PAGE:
It seems that it’s bad news that sells.
On the other hand, the environment and eco friendly living rarely get a mention on the big news channels.
So I’m going to redress this imbalance.
Here are reports of ordinary people making a difference.
These are sure to warm your heart.
A group of students from Sun Valley Elementary School in San Rafael, California reflected on the number of coloured markers that they use throughout each year. These are not recycled and end up in landfill. They started a petition on Change.org to ask Crayola (one of the largest manufacturers of markers) to create a recycling program. Another marker manufacturer, Dixon Ticonderoga, saw the petition and started their own recycling program. (Who says kids can’t make a difference?).
Artist Catherine Eduard Charlot met a pastor in earthquake-ravaged Haiti who was struggling to educate the children in a low-income district. She wanted to help by raising money for a new school. She noticed that some of the tents provided as emergency accommodation after the earthquake, had reached end-of-life and were being discarded, ending up in landfill. So she made purses and handbags out of the discarded tents, and sold them to raise funds. She used what she was good at, to help children and the environment – a great story!
Buying from companies like these can make a difference. Clothing company United by Blue promises to remove 1 pound of waste from waterways for every product sold. They then recycle that waste – for example by partnering with Method who recycle plastic waste into soap bottles, and then fill them with eco friendly cleaning materials
Two non-profit organisations have come up with innovative ideas to help. Clean the World collects discarded hotel soaps and shampoos and distributes them to people in need. It’s a small thing but it can help to prevent the spread of disease. Cleaning for a Reason provides free professional house cleaning services to women undergoing cancer treatment, so that they have one less thing to worry about.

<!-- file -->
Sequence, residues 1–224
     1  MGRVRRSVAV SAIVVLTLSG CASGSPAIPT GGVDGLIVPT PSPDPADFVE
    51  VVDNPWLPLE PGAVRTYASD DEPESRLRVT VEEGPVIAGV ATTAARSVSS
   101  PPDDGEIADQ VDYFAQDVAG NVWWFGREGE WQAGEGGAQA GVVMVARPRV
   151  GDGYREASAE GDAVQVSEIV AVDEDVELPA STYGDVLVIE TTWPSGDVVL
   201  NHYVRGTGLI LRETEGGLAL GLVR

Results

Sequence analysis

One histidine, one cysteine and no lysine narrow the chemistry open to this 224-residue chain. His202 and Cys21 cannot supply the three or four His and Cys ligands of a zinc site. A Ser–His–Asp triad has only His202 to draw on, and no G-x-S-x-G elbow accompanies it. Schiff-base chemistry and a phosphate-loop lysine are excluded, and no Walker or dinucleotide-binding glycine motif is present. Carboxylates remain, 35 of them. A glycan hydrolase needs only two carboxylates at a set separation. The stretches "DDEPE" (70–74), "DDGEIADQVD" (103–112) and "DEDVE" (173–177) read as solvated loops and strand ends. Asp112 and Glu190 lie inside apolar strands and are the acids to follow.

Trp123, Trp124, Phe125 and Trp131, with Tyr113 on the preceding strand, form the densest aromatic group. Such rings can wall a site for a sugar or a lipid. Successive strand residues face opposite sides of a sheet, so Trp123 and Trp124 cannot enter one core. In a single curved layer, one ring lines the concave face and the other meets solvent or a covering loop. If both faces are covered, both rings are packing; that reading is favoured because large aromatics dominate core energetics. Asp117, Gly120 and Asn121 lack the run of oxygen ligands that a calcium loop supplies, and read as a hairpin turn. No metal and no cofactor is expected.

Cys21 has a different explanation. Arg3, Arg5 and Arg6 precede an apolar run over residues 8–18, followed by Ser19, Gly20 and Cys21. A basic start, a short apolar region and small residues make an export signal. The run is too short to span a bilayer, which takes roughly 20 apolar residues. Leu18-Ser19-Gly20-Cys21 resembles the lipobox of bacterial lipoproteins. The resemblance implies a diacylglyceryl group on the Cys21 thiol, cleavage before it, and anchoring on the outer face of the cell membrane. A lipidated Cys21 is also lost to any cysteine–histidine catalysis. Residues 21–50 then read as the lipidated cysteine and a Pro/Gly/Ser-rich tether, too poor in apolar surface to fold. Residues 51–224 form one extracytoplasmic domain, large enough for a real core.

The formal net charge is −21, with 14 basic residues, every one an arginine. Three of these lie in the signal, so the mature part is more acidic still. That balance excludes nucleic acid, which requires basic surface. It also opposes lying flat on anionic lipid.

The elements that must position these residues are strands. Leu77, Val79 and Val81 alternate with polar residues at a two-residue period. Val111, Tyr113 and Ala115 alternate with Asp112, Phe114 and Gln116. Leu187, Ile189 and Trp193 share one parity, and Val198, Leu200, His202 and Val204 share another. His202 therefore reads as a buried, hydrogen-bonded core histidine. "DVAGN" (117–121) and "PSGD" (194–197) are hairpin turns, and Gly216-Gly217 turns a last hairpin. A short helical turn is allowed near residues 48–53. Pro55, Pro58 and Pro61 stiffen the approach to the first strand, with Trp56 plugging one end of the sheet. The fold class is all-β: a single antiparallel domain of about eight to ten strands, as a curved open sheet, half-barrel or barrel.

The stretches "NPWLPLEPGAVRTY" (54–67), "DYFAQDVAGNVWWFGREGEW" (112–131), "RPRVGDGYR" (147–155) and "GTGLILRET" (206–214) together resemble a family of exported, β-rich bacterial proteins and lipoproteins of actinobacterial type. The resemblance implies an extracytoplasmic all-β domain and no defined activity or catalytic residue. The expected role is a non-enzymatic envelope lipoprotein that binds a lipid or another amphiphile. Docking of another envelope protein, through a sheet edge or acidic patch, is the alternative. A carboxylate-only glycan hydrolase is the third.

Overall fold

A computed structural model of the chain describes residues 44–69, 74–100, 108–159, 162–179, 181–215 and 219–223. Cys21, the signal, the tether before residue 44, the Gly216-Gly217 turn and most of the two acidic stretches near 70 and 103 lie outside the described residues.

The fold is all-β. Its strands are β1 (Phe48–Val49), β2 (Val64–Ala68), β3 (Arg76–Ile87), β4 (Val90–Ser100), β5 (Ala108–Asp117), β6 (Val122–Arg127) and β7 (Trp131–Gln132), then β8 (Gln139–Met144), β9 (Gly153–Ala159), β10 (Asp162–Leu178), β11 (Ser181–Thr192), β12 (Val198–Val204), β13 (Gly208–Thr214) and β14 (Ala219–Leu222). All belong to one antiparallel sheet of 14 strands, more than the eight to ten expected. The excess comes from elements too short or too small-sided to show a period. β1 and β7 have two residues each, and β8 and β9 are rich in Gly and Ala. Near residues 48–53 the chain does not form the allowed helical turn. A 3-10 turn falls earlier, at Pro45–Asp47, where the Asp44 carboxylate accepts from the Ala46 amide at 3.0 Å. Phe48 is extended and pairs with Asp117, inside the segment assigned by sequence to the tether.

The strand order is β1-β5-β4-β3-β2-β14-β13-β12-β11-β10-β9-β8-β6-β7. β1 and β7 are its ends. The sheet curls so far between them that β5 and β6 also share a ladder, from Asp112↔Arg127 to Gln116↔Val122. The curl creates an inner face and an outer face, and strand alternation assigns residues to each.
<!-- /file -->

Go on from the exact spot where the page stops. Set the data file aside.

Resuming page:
Rock Port, Missouri is a small town (pop 1,300) which is 100% wind powered. Everyone is delighted. Farmers lease small amounts of their land for the turbines and find the payback equivalent to cropping. The company generating the electricity from the 4 turbines pays real estate taxes which benefit the community. It is expected that there will be no increase in the electricity rates for the next 15-20 years (the expected life-span of the turbines). The excess electricity is sold to local utility companies, and there has been an increase in tourism.
When the city of Greensburg, Kansas was destroyed by a tornado in 2007, it was re-built as a “green town” with eco friendly and energy efficient buildings, a new farmers market and reclaimed lumber project. Visitors to the town can take a tour of the green sites, and stay in an eco home.
And finally, the power of numbers. A massive 6 million volunteers from 96 counties participated in a clean-up campaign during 2012 which removed 100,000 tons of rubbish. Special software used Google Maps to locate areas needing cleaning, and the whole project was web-driven.
I hope you enjoyed these success stories – they made my day!
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Photo Credit: United by Blue